‘PING’. Almost as if waking up from a deep sleep, the person that I am talking to looks at his shiny phone. With a big smile on his face he reads the words on the screen and chuckles quietly to himself. ‘Is my story boring?’, I think to myself. ‘Probably not. How the binary number system works is quite interesting,’ I try to convince myself.
A few moments later a second ‘PING’ reaches my eardrums, only with a slightly different tone. Again our conversation is interrupted because the person I am still talking to feels the need to grab something that looks like a writing block in a luxurious map. ‘Maybe he finds my story more interesting than I thought and he wants to write some things down.’ A large iPad-like thing appears and from the corner of my eye I see that Outlook is being launched. ‘Just checking my mail real quick,’ he offers. In my thoughts I frown, but in reality I smile politely. This is new for me and I might just have to get used to it. ‘What kind of gadget is that?’ I ask him. ‘This is an iPad. Sorry. I need to make a call real quick,’ and the person leaves.
Confused, I stare at the wall. I feel almost as when I woke up from my knee surgery. How dare he? Did he lose his mind? Does he not have a sense of respect? Intrigued, I go off in search of answers. What just happened?
Back at my desk I see a newspaper on the desk of the person sitting in front of me. I take some time to read through the paper after my lunch break was cut short. An article catches my eye with the title: Drug addicts shamelessly search for their kick. Since the behavior of my colleague seemed shameless to me, I make a link between his actions and the habits of drug addicts.
I am shocked by my thoughts. How can I compare the habits of drug addicts to the actions of the person that I was talking to? Disgusted by the idea I try to delve deeper into the connection, hoping to dismiss it as a merely flimsy comparison. In the dictionary, I therefore, look up the definition of an addict: Physically or psychologically dependent on a habit-forming substance.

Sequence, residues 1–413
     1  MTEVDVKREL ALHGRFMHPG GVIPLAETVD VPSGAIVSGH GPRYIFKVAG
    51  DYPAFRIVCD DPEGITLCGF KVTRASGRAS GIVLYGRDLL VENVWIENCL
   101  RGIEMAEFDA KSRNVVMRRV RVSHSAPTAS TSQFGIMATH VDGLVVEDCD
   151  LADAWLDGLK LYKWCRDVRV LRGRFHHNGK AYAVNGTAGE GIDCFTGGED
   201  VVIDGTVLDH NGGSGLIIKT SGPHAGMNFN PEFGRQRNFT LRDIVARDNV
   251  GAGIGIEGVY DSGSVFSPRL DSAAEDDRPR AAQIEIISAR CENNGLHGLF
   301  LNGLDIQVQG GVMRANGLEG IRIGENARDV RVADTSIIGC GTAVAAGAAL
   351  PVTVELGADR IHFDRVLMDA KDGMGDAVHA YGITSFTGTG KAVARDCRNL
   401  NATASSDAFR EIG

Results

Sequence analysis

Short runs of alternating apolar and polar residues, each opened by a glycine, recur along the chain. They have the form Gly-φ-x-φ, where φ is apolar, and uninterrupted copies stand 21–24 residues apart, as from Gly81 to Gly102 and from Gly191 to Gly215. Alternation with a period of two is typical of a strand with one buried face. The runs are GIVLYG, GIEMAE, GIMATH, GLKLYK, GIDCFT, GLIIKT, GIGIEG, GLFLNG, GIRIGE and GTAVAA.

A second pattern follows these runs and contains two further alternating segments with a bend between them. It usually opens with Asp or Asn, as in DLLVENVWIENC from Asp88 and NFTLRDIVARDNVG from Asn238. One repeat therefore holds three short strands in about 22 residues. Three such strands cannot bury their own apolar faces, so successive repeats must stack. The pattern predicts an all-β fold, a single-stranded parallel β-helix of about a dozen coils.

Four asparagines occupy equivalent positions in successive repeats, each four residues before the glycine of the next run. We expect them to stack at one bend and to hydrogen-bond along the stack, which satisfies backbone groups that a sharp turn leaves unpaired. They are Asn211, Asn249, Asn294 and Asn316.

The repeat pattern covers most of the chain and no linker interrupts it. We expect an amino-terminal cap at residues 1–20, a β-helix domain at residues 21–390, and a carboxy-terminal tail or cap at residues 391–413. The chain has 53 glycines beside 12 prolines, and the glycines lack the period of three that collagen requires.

The above story is fiction, but most people do recognize it. When I, myself, was one of the first people with mobile internet I showed panicky and paranoid behavior whenever the server was down. I sat in my car and walked down the street cursing at the server for not allowing me to check my mail or update my social networks. It was as if the world was ending, especially when I lost my phone. I moved heaven and earth in an attempt to get my phone back and was distraught when after a week I still had not found it. I woke up, sometimes fearfully, grabbing at the spot where my phone usually was. During the day I asked friends and colleagues if I could log on their phone real quick.
It was almost like I was an IT and communication junkie. Signs of addiction are: excessive use of IT; obsessive checking of e-mail; a fixation on the mobile gadget to the point that everything else in your environment becomes irrelevant, including the stress, which is ignored. I had it all. An IT addiction can be just as damaging for the mental health as a drug or alcohol addiction.
After reading this text you also have a choice – A choice to not go down this path and the downward spiral that comes with it, or a choice to stay ‘clean’ or to join the hype. If so, I welcome you to the wonderful world of mobile addiction.
The choice is yours….